This year's regatta attracted 37 entries including 11 Metre yachts

The 2005 British Classic Yacht Regatta, held at Cowes from 16-23 July will be remembered for many things, but above all it will be the strong winds, the competitive racing, the camaraderie on and off the water and the sheer good fun of it all. Numbers were up to 37 this year, including an 11 strong Metre fleet of 6Ms, 8Ms and a 12M competing for the International Metre Trophy, a new trophy donated by Azure Dragon Marine Sculptures.

In a change of format, a few days of rallying were incorporated into the start of the week which comprised some informal racing and the static concours d’elegance known in BCYC circles as the “?.je ne sais quoi” – an opportunity to look over other classic yachts and vote for your favourites. This year Josephine, Tim Blackman and Jo Burr’s beautiful 1954 Philip Rhodes Bermudan sloop took the honours. Monday’s strong wind didn’t dampen enthusiasm for the informal racing and most yachts charged down to a lunch time anchorage at Hurst Castle in up to 30 knots of breeze, Ilderim, Marc Busschott’s 1936 Tor Holm International 8 Metre taking line honours. Strong winds on Tuesday hampered sailing with only 7 yachts venturing out, most skippers electing to stay in harbour to protect their yachts from damage or mend gear failure from the day before.

With little improvement on the Wednesday as the Round the Island Race dawned the Race Committee sensibly decided to set a long Solent course instead. Skippers tested their yachts to the limit in the kite run down to the Forts, and beat back up the Solent, past Cowes and down to Lymington before a final turn and kite run home. Cetewayo won the race, even keeping the International 8 metres at bay, and took home the Moonbeam Trophy.

For the remainder of the week the sun came out and the winds dropped to a more comfortable speed. The race committee managed to set two races per day on Thursday and Friday, expertly managing the logistics presented by such a varied fleet – the extremes being the 12 Metre Italia as the most modern and fastest yacht compared to Dorothy the 32 ft 1894 Linton Hope Thames rater.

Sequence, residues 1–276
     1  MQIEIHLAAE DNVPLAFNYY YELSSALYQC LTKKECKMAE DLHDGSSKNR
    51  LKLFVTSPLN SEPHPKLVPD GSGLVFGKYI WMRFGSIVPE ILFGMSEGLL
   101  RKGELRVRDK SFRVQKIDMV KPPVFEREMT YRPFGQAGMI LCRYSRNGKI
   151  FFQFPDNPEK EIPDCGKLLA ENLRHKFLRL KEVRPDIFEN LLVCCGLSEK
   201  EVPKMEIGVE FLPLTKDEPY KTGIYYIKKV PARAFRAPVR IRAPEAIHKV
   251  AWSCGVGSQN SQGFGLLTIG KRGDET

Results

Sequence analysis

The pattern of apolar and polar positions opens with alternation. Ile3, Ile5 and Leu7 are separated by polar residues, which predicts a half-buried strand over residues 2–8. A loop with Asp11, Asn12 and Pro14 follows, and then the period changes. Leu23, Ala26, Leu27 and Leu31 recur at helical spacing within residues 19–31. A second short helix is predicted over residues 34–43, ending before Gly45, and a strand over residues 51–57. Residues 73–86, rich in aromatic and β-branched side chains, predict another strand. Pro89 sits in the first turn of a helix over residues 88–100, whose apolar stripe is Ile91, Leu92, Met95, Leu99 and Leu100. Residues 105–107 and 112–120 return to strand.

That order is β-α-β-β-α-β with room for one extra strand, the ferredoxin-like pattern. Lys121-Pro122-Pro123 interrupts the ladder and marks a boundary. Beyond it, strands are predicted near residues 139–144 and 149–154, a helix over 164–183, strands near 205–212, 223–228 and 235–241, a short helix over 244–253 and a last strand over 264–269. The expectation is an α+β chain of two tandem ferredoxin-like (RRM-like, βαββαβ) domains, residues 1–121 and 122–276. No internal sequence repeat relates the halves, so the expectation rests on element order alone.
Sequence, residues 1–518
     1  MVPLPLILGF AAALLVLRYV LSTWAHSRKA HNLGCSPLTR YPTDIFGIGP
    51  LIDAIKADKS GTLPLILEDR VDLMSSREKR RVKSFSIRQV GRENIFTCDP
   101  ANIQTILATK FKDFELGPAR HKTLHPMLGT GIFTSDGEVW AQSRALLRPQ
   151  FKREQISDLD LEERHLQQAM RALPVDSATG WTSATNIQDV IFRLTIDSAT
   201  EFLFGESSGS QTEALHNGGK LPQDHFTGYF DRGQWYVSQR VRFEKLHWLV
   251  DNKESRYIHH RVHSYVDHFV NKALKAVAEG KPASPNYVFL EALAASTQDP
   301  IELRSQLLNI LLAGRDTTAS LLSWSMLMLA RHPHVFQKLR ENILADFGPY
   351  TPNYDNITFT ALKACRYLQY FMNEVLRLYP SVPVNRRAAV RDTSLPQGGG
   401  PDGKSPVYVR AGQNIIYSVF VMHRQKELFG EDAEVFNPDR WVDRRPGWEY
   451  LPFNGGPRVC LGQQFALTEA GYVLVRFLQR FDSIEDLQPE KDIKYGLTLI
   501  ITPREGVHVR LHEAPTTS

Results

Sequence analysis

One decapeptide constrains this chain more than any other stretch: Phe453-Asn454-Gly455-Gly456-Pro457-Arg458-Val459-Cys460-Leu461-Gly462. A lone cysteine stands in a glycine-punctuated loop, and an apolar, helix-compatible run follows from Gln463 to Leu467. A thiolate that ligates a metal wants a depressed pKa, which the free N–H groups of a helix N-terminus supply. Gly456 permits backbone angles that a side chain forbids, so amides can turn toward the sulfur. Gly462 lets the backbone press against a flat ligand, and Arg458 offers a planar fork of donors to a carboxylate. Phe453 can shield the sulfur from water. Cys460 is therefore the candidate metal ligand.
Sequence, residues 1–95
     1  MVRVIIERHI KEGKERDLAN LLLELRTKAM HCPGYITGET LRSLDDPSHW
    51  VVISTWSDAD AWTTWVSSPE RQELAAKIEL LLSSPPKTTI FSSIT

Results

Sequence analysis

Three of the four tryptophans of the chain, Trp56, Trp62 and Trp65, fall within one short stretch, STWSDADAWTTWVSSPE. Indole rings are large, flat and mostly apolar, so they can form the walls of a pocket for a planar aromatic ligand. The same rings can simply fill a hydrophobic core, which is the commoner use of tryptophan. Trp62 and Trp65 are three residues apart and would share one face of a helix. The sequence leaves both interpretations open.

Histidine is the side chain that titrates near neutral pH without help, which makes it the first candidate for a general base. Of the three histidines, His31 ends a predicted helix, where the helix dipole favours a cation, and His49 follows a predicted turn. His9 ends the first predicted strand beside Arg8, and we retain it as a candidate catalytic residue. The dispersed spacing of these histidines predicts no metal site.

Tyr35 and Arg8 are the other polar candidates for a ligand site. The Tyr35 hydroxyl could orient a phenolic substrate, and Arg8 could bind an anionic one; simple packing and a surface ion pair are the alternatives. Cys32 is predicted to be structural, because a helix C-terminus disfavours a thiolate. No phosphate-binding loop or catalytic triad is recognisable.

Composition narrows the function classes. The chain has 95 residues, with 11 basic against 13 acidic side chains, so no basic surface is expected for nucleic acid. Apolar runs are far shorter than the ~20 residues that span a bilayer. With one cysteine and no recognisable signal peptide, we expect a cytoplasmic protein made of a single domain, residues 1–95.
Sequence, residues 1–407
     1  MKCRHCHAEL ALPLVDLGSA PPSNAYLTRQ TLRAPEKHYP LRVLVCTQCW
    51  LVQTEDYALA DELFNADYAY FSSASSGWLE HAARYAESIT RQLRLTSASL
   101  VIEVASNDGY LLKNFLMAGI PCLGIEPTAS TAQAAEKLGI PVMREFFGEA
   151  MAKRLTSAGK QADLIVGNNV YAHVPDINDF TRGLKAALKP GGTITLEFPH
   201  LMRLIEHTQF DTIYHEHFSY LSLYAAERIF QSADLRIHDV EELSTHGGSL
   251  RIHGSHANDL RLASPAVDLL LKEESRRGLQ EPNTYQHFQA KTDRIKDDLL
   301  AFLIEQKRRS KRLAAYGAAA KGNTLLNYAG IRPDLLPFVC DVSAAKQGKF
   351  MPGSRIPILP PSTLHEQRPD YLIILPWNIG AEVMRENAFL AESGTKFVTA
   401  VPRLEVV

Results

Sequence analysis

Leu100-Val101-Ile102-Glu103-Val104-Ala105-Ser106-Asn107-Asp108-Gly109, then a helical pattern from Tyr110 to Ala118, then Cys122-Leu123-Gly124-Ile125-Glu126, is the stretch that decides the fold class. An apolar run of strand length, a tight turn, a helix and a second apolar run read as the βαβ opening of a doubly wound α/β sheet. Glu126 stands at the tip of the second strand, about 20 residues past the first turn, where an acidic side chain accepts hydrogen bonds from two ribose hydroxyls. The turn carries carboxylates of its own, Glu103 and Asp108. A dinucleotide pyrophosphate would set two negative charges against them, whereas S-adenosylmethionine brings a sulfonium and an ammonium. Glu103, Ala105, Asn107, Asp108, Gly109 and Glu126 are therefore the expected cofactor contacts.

The social programme was as full and varied as usual. Thelma VI, the 72ft Silvers Ormindale classic motor yacht & the BCYC’s occasional floating club house hosted a couple of drinks parties, one of which included an impromptu bluegrass concert on the foredeck. Friday evening saw a one off concert at the Royal Corinthian Yacht Club by Steve Harley of Cockney Rebel fame. This joint event was attended by 280 people and approx £6,000 was raised for The Lucie Blackman Trust. The week was rounded off with a Prize Giving Dinner again hosted by the Royal Corinthian Yacht Club. An ever expanding line up of trophies this year also included trophies for the 6 Metre and 8 Metre fleet, an overall International Metre trophy and a prize for overall Classic winner under IRC.

Caprice, Brian Pope’s 1946 Mcgruer won The Universal 6 Metre trophy, whilst Peter Wilson’s 1930 Bjarne Aas designed If won (for the second year) The Universal 8 Metre Trophy. Both trophies were kindly donated to the club by Avia Wilment of Univeral Marina. Don Wood & Richard Rankin’s Italia took home the International Metre Trophy after some fiercely competitive racing. The winner of Class 1 was Caprice, with Tom Richardson’s 1947 David Boyd 6 Metre a close second.

In Class 2, Jonathan Dyke’s 1938 Robert Clark designed sloop, Cereste, battled it out with David Murrin’s Cetewayo to win first place for the second year. Class 3 also saw fierce competition between Roger Dann & Rowland Smith’s Arthur Robb Lion Class Leonie and Bill Hogg’s 1966 McGruer Zaleda, with Leonie just having the edge to take first place.

This year all classes started on the same line and raced the same courses enabling an overall winner of the Classic fleet. Jonathan Dyke’s Cereste won this adding yet another trophy to her name.